Put me in front of a dual processor motherboard and a pair of eight core Xeons with HyperThreading and I will squeal with delight.  Then I will take it to the cleaners with multithreaded testing to actually see how good it is.  Watching a score go up or the time taken to do a test going down is part of the parcel as a product reviewer, so watching the score go higher or the time taken going down is almost as good as product innovation.

Back in research, two things can drive the system: publication of results and future relevance for those results.  Understanding the system to get results is priority number one, and then being able to obtain results could be priority number two.  In theoretical fields, where a set of simulations can take from seconds to months and even years, having the hardware to deal with many simulations (or threads within a simulation) and the single threaded speed means more results per unit time.  Extremely useful when you get a weeks worth of results back and you missed a negative sign in the code (happens more often than you think).  Some research groups, with well-developed code, take it to clusters.  Modern takes on the code point towards GPUs, if the algorithm allows, but that is not always the case.

So when it comes to my perspective on the GA-7PESH1, I unfortunately do have not much of a comparison to point at.  As an overclocking enthusiast, I would have loved to see some overclock, but the only thing a Sandy Bridge-E processor with an overclock will do is increase single threaded speed – the overall multithreaded performance on most benchmarks is still below an i7-3960X at 5 GHz (from personal testing).  For simulation performance, it really depends on the simulation itself if it will blaze though the code while using ~410 watts.

Having an onboard 2D chip negates needing a dedicated display GPU, and the network interfaces allow users to remotely check up on system temperatures and fan speeds to reduce overheating or lockups due to thermals.  There are plenty of connections on board for mini-SAS cabling and devices, combined with an LSI SAS chip if RAID is a priority.  The big plus point over consumer oriented double processor boards is the DIMM slot count, with the GA-7PESH supporting up to 512 GB.

Compared to the consumer oriented dual processor motherboards available, one can criticize the GA-7PESH1 for not being forthcoming in terms of functionality.  I would have assumed that being a B2B product that it would be highly optimized for efficiency and a well-developed platform, but the lack of discussion and communication between the server team and the mainstream motherboard team is a missed opportunity when it comes to components and user experience.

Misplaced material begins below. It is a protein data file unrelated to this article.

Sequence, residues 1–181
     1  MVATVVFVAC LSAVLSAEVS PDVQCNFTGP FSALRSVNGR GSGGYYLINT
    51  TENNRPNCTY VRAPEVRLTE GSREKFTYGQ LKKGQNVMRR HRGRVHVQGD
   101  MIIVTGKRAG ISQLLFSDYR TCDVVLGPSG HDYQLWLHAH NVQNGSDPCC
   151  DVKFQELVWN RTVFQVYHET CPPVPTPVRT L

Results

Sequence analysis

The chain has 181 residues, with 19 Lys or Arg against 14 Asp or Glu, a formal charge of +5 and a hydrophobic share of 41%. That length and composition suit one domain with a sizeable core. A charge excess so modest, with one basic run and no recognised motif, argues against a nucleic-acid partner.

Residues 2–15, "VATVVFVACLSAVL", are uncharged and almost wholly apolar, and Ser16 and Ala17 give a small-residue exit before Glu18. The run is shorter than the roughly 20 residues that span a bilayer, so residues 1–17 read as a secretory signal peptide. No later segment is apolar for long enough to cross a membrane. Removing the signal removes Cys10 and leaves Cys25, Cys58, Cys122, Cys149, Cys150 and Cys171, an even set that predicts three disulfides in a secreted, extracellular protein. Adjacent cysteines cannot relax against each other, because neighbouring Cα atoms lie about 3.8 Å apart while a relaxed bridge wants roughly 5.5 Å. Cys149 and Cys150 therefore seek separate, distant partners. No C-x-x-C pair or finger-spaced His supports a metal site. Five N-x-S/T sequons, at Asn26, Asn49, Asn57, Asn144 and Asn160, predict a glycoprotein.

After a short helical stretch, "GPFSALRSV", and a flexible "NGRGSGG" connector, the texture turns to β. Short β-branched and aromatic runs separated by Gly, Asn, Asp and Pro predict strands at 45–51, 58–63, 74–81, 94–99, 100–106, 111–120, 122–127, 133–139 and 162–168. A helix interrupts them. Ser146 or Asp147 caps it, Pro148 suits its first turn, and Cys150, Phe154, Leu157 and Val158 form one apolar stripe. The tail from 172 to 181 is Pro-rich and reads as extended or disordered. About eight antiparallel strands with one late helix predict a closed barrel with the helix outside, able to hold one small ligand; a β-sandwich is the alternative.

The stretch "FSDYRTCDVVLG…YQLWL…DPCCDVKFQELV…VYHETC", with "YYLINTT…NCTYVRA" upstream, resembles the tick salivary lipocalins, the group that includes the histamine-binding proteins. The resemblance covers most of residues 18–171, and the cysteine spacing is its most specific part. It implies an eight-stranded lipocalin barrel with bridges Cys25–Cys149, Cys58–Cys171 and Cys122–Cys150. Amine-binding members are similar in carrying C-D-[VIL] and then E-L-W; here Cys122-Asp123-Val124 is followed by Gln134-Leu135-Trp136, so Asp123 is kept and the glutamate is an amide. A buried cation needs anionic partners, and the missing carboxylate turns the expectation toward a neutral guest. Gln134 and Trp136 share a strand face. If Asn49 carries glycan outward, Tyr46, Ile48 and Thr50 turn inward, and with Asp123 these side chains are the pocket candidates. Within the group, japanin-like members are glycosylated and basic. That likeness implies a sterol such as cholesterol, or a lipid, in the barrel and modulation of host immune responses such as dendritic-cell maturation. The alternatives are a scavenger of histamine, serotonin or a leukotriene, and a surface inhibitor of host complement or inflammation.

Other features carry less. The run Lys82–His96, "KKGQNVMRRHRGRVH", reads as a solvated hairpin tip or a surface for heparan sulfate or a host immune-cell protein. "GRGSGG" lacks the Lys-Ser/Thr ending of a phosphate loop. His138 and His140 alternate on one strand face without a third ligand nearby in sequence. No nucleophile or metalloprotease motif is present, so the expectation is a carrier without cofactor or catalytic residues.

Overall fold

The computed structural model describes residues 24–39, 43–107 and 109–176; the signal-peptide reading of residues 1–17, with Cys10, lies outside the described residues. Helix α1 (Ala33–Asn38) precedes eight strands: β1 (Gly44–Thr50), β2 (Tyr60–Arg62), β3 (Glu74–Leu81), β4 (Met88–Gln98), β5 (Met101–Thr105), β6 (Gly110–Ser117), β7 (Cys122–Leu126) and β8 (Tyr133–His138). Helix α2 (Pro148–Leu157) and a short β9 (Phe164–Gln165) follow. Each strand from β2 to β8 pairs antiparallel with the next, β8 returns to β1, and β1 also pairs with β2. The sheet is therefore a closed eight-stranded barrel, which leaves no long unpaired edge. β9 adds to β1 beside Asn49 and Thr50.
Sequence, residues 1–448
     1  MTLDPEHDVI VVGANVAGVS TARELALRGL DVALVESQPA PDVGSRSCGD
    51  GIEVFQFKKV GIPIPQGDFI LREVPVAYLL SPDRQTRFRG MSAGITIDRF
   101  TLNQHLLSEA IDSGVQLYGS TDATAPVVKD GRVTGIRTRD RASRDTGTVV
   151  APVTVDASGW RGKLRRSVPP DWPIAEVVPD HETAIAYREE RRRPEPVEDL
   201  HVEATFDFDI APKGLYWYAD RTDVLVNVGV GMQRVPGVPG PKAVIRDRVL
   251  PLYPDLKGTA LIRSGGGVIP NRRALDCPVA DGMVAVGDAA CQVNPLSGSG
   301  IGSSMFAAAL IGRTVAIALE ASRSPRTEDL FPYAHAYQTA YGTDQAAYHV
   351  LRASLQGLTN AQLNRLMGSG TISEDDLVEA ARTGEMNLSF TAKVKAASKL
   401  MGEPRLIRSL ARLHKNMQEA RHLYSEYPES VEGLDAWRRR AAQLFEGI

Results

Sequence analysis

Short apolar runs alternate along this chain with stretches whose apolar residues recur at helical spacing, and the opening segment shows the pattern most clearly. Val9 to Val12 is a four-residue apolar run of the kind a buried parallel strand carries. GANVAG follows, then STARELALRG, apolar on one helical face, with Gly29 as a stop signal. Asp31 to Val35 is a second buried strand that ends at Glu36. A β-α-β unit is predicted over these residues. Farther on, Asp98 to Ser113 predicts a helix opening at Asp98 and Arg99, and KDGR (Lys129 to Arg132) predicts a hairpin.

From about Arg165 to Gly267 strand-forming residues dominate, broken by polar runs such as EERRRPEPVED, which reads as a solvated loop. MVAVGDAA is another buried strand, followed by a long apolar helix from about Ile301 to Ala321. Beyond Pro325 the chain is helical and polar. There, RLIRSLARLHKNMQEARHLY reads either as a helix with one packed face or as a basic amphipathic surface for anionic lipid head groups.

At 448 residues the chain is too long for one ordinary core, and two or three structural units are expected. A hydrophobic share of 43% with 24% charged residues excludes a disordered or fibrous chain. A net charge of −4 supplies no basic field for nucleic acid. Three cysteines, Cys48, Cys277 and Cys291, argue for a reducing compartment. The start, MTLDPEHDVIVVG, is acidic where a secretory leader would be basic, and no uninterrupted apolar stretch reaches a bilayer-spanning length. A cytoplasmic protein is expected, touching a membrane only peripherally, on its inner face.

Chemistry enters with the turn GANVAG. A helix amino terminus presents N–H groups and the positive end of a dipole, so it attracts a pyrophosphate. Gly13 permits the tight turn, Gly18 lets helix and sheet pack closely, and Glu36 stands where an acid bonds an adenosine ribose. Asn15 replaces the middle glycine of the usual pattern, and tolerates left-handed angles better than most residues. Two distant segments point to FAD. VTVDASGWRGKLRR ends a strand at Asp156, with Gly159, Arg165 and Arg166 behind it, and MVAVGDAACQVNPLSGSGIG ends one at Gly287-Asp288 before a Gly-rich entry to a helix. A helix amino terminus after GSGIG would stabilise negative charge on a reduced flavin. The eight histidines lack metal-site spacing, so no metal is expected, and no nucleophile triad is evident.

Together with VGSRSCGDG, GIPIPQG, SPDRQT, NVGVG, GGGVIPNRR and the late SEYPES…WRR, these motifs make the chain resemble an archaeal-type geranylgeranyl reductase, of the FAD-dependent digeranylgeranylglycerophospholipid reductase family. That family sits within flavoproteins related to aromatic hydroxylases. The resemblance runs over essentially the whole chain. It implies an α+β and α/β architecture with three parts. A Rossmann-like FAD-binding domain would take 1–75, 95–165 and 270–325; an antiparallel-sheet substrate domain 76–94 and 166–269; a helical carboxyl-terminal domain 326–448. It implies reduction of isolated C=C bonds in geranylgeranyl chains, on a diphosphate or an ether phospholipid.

This motherboard has been reviewed in a few other places around the internet with different foci with respect to the reviewer experience.  One of the main criticisms was the lack of availability – there is no Newegg listing and good luck finding it on eBay or elsewhere.  I send Gigabyte an email, to which I got the following response:

  • Regarding the availability in the US, so far all our server products are available through our local branch, located at:

    17358 Railroad St.
    City of Industry
    CA 91748
    +1-626-854-9338

As a result of being a B2B product, pricing for the GA-7PESH1 (or the GA-7PESH2, its brother with a 10GbE port) is dependent on individual requirements and bulk purchasing.  In contrast, the ASUS Z9PE-D8 WS is $580, and the EVGA SR-X is $650.

Review References for Simulations:

[1] Stripping Voltammetry at Microdisk Electrode Arrays: Theory, IJ Cutress, RG Compton, Electroanalysis, 21, (2009), 2617-2625.
[2] Theory of square, rectangular, and microband electrodes through explicit GPU simulation, IJ Cutress, RG Compton, Journal of Electroanalytical Chemistry, 645, (2010), 159-166.
[3] Using graphics processors to facilitate explicit digital electrochemical simulation: Theory of elliptical disc electrodes, IJ Cutress, RG Compton, Journal of Electroanalytical Chemistry, 643, (2010), 102-109.
[4] Electrochemical random-walk theory Probing voltammetry with small numbers of molecules: Stochastic versus statistical (Fickian) diffusion, IJ Cutress, EJF Dickinson, RG Compton, Journal of Electroanlytical Chemistry, 655, (2011), 1-8.
[5] How many molecules are required to measure a cyclic voltammogram? IJ Cutress, RG Compton, Chemical Physics Letters, 508, (2011), 306-313.
[6] Nanoparticle-electrode collision processes: Investigating the contact time required for the diffusion-controlled monolayer underpotential deposition on impacting nanoparticles, IJ Cutress, NV Rees, YG Zhou, RG Compton, Chemical Physics Letters, 514, (2011), 58-61.
[7] D. Britz, Digital Simulation Electrochemistry, in: D. Britz (Ed.), Springer, New York, 2005, p. 187.
[8] W.H. Press, S.A. Teukolsky, W.T. Vetterling, B.P. Flannery, Numerical Recipes: The Art of Scientific Computing, Cambridge University Press, 2007.
[9] D.E. Knuth, in: D.E. Knuth (Ed.), Seminumerical Algorithms, Addison-Wesley, 1981, pp. 130–131
[10] K.Gregory, A.Miller, C++ AMP: Accelerated Massive Parallelism with Microsoft Visual C++, 2012, link.